Federal Register / Vol. 89, No. 34 / Tuesday, February 20, 2024
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"A popular thoroughbred racehorse trainer has accused the U.S. Citizenship and Immigration Services in a D.C. federal court of engaging in “capricious” and “arbitrary” behavior by denying an assistant trainer an extension of his nonimmigrant worker status after previously granting it without incident.
Mott Thoroughbred Stables Inc. said in its Friday complaint that by surprisingly and abruptly denying an O-1B petition extension to an “indispensable employee” on which the famed stables has relied since he began working there in 2010, the USCIS has caused irreparable harm to Mott Stables’ multimillion-dollar horse-training business.
The complaint asks the court to compel the USCIS to set aside the petition denial and promptly re-adjudicate the petition with deference to the prior approvals. It also asks the court to order the agency to postpone the effective date of its denial of the petition for assistant horse trainer Rodolphe Brisset and grant a temporary visa status pending the outcome of the instant suit.
“The USCIS failed to provide a reasonable explanation for the denial, failed to cite relevant authority for its decision and failed to clearly articulate the reasons for its abrupt departure from past and ongoing practice of approving O-1B petitions for horse trainers,” the complaint says.
The lawsuit says the unsuccessful petition is virtually the same as the ones USCIS previously approved, and that the agency only now has decided that its past approvals were a “material error” on the part of the agency, “in contravention of internal agency guidance on deference to prior approvals.”
Palm City, Florida-based Mott Stables, whose president William I. Mott is in the National Museum of Racing and Hall of Fame, also asked the court to open up limited discovery to ascertain the agency’s grounds for denying the company’s petition in light of the two previous approvals of the same petition.
Mott Stables is challenging an October decision by the USCIS Administrative Appeals Office to uphold the denial of an O-1B extension to Brisset.
After two successful approvals, in 2013 the USCIS sent Mott Stables a request for evidence regarding the international acclaim and recognition Brisset has received a horse trainer, according to the complaint.
Among the types of evidence Mott Stables could hand over was “comparable evidence” of Brisset’s distinction as a prominent horse trainer, and in February 2014 the company sent to the USCIS a letter signed by six expert member of the equine community attesting to Brisset’s skills, according to the complaint.
Mott Stables also explained the “unique nature” of the thoroughbred racing industry and why the trainer plays “an essential and critical role” in successful training operations, the complaint says.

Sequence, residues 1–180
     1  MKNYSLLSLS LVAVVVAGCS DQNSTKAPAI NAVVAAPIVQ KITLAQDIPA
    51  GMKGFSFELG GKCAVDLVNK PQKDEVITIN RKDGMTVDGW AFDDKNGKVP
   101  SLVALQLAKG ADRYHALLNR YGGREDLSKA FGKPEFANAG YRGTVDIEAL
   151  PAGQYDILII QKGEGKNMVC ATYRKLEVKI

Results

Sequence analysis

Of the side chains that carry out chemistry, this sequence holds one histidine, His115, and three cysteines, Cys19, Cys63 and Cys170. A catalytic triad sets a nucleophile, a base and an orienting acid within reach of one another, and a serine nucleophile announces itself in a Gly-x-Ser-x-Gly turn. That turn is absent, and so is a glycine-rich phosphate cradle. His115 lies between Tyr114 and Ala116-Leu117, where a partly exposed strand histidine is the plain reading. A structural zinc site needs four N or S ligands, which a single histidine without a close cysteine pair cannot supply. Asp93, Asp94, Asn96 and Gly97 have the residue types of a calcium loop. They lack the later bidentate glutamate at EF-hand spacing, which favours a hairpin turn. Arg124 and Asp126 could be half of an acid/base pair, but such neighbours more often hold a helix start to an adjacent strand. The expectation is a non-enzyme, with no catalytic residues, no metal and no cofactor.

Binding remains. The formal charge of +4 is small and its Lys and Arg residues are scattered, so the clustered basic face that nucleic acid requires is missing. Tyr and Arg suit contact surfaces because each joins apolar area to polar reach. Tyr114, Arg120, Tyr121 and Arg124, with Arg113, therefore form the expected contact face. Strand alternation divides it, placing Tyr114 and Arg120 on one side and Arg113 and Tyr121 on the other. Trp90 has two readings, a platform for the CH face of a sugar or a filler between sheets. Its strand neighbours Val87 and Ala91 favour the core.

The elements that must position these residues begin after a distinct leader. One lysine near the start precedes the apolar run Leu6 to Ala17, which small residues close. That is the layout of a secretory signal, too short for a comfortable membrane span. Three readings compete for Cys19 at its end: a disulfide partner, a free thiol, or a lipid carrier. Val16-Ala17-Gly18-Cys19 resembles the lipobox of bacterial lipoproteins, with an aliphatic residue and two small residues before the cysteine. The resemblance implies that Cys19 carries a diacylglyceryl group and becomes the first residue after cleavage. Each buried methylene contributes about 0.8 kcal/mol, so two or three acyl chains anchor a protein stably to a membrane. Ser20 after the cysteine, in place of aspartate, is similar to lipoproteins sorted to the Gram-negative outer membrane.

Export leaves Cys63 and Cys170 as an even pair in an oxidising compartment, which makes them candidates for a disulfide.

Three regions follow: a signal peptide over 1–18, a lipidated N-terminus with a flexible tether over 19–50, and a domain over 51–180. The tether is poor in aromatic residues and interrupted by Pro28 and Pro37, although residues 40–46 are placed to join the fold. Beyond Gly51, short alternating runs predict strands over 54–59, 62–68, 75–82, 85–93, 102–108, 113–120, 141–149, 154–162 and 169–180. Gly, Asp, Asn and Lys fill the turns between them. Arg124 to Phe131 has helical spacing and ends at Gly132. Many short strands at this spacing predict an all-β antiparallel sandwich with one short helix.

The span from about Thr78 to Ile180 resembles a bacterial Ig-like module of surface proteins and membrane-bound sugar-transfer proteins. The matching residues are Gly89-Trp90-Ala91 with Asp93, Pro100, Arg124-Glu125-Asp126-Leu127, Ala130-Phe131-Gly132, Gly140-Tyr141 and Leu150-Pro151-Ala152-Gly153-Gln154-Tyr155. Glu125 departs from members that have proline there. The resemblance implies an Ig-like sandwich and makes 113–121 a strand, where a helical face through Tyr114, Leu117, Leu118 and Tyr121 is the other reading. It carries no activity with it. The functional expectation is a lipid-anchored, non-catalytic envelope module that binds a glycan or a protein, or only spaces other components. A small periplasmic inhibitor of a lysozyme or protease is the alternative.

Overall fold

The following March, the USCIS denied the petition, saying Mott Stables hadn’t demonstrated that Brisset had extraordinary ability in the field of endeavor nor that he had sustained national or international acclaim, according to the complaint.
On appeal, Mott Stables argued that a Department of Homeland Security memo, written by DHS Associate Director of Operations William Yates, says that deference must be given to a prior determination that an individual is eligible for a particular nonimmigrant classification, where extension of that nonimmigrant petition’s validity “involves the same parties and the same underlying facts,” the complaint says.
Mott Stables argued that the USCIS had not explicitly said why it refused the petition and that changed circumstances and new material information — possibly dispositive developments — did not form the basis of the agency’s decision.
When the USCIS’ appellate body upheld the denial, it ruled that the memo's deference order didn’t apply when there was a "material error," which in this case was that since 2010 the agency had incorrectly found that Brisset’s occupation fell within the O-1B classification, according to the complaint.
Mott Stables said in its Friday complaint that this was the first time the USCIS had ever ruled that Brisset’s horse-trainer position did not qualify as a creative activity or endeavor, such that he could have been classified as an alien of extraordinary ability in the arts.
This is not the first time Mott Stables has been in a dispute with the DHS. In September, an immigration judge found that the company had failed to properly prepare I-9 forms for its employees, fining Mott Stables $33,500.
A representative for the USCIS was not immediately available on Tuesday to comment.
Mott Stables is represented by Thomas K. Ragland of Benach Ragland LLP." - Law360, Mar. 10, 2015.